Commentary

Defense irons out Wildcat wrinkles

This time, Patriots make adjustments to stop Dolphins

Updated: November 9, 2009, 10:07 AM ET
By Mike Reiss | ESPNBoston.com

FOXBOROUGH, Mass. -- The defining moment Sunday for the Patriots' defense came after linebacker Adalius Thomas frustratingly threw his arms in front of him, motioning to the team's coaches on the sideline after Miami's Ricky Williams took an option pitch 15 yards for a touchdown.

At that moment, midway through the second quarter, the question was if the Patriots were heading down the same road they painfully traveled Sept. 21, 2008. On that day, the Patriots had been gashed badly by the Dolphins' never-before-seen Wildcat attack, failing to adjust to the unique style of offense.

On Sunday, it wasn't the Wildcat. It was the spread option run by rookie quarterback Pat White.

Unveiled on the Dolphins' fourth drive of the game, White rushed for 33 yards around left end on an option keeper. Soon after, White pitched to Williams on the right side for the 15-yard score to tie the game at 10.

Frustration was evident among Patriots defenders, although there was one major difference from the first Wildcat strike they had absorbed in September 2008.

"Last year, we panicked, we didn't stay focused and we were all over the place," safety Brandon Meriweather said. "This year, we were more like a veteran team. We stayed calm."

The spread option didn't hurt them again, and the Patriots prevailed 27-17 at Gillette Stadium.

The Dolphins had White in the game five times after that impressive scoring drive, and he had runs of 1, minus-1, 6 and 2 yards, as well as an incomplete pass.

Depending on whom you believe, the Patriots' later success against the option was either a result of simply playing their assignments better, or a tactical change that threw a wrench into the Dolphins' option plans.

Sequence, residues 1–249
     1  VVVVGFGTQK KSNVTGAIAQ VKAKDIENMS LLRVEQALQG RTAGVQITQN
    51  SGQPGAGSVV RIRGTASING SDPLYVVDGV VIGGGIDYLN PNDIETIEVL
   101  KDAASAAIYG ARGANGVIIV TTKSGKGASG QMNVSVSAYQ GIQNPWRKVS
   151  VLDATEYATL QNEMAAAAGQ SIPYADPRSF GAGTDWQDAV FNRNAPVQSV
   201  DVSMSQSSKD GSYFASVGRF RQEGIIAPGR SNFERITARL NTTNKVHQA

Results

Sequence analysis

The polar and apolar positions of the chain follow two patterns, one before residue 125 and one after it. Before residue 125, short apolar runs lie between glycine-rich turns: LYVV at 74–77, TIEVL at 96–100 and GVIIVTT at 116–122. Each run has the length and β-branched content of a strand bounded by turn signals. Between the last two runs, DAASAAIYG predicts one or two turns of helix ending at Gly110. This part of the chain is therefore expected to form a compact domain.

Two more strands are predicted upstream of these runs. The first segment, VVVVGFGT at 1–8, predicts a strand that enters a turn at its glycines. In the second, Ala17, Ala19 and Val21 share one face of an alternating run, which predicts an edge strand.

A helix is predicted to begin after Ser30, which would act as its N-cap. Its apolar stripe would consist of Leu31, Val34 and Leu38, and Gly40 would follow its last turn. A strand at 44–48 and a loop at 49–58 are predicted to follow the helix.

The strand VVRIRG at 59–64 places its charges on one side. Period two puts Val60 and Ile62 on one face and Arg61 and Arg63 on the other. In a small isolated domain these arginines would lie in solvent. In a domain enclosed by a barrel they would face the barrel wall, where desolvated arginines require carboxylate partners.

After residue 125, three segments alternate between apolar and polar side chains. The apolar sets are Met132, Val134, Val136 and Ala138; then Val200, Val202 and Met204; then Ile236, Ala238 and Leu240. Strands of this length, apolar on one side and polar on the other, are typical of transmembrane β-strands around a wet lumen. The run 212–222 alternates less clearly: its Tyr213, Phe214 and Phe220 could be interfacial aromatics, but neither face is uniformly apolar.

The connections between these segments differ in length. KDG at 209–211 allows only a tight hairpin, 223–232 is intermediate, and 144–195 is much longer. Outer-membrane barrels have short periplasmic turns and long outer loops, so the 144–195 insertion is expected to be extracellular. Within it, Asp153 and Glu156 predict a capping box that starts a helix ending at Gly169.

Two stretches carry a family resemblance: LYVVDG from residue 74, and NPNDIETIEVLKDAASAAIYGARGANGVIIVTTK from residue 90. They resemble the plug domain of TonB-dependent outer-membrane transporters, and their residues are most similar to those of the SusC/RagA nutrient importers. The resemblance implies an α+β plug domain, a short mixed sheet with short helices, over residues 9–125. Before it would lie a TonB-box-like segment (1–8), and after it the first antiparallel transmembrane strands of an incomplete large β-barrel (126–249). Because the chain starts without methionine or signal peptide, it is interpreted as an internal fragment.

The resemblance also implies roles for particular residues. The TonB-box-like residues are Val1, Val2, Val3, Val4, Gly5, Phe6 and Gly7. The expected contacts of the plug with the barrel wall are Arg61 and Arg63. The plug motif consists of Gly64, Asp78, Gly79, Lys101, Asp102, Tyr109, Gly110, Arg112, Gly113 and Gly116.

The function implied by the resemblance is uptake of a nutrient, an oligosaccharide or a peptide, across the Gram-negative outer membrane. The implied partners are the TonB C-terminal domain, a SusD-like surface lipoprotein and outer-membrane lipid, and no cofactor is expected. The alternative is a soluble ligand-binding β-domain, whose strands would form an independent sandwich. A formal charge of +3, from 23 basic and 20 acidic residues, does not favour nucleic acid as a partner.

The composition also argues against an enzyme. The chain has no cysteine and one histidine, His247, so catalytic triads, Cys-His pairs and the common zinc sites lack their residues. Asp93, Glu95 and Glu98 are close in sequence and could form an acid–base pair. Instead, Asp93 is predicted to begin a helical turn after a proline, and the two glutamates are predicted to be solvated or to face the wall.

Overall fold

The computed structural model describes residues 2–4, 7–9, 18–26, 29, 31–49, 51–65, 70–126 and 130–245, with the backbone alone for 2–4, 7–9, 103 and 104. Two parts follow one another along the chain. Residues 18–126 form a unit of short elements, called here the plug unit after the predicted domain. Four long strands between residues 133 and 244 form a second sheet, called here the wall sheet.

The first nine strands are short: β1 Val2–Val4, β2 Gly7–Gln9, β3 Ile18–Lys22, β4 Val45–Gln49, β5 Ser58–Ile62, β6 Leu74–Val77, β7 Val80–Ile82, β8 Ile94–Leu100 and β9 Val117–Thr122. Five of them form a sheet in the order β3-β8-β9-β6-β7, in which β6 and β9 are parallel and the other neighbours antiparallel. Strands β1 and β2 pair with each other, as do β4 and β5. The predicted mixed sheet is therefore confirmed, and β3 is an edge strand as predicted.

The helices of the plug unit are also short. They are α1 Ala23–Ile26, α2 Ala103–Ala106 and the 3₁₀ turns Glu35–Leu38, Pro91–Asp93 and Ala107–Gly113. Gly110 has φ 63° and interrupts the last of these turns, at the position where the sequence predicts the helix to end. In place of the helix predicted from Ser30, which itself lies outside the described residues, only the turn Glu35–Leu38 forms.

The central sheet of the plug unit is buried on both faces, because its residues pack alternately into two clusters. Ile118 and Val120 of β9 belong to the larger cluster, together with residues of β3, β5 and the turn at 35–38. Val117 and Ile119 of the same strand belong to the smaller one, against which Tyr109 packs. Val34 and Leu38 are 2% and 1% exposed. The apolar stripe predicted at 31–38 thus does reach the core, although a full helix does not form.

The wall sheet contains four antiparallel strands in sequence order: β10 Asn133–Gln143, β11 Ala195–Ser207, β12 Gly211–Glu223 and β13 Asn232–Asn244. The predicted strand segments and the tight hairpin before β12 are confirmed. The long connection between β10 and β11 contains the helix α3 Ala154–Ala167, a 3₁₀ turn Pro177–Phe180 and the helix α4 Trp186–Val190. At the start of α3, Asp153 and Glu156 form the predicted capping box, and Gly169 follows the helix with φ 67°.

"They made that adjustment and we just didn't handle it, bringing the outside linebacker up to the line to not let our tight end get off to the middle linebacker," Williams explained.

Patriots defensive end Ty Warren also noted a change in the team's 3-4 alignment.

"I think we tightened things down on the edges, so it wouldn't look appealing to run around there any more," he said. "We made that adjustment on the sideline. Same personnel, just a different approach."

Patriots coach Bill Belichick saw it a little differently or simply wasn't willing to get into such detailed X's and O's talk. Belichick said the Patriots had prepared for the spread option, and players concurred, although the way the Dolphins ran it was different than anything they had seen. The change was having a running back line up behind White, instead of to the side, which was an unexpected wrinkle.

"The first couple times they ran it, we weren't quite sure, we were a little indecisive," Belichick said, adding that "it probably happened a little faster than we practiced it."

Belichick huddled with defensive players on the sideline after Williams' touchdown, and he felt the main adjustment was players' simply carrying out their duties. Instead of a major tactical change, he said it was more about a missed assignment on White's first run and trouble shedding blocks on the Williams score.

"It wasn't a big new thing, we just didn't play it very well and they executed it well," he said. "Luckily, we got that straightened out and it wasn't a big problem in the second half. They tried to change up and instead of running the option they ran it back inside, but White didn't hurt us too much on those inside runs."

In preparing for the game, Belichick revealed, the Patriots spent about 25 percent of their practice time on the Dolphins' overall Wildcat package.

Not including the White option plays, the Dolphins ran the Wildcat 10 times for 7 yards. The only time it truly hurt the Patriots was on running back Ronnie Brown's 1-yard touchdown pass to tight end Joey Haynos in the third quarter.

One of the bigger Wildcat-related plays came when Thomas held his ground at outside linebacker and sacked quarterback Chad Henne on a double reverse pass at the end of the third quarter. It was a big-time effort by Thomas, who sensed something tricky was on the way because of how Williams was holding the ball after taking the handoff from Brown.

The play represented the opposite end of the spectrum for Thomas, who had been visibly frustrated after Williams' touchdown run to his side. Thomas went to tackle White and no defender was in sight to bring down Williams.

"It was a new wrinkle they added to it; they always have something special just for us," Thomas said.

Yet there was a significant difference between Sunday and last year. This time around, the Patriots had the answers after the initial strike.

"We definitely made mistakes out there, but it didn't cost us," Thomas said. "We won, and that's the main thing."

Mike Reiss covers the Patriots for ESPN Boston. You can follow him on Twitter or leave a question for his weekly mailbag.

Mike Reiss

ESPN New England Patriots reporter

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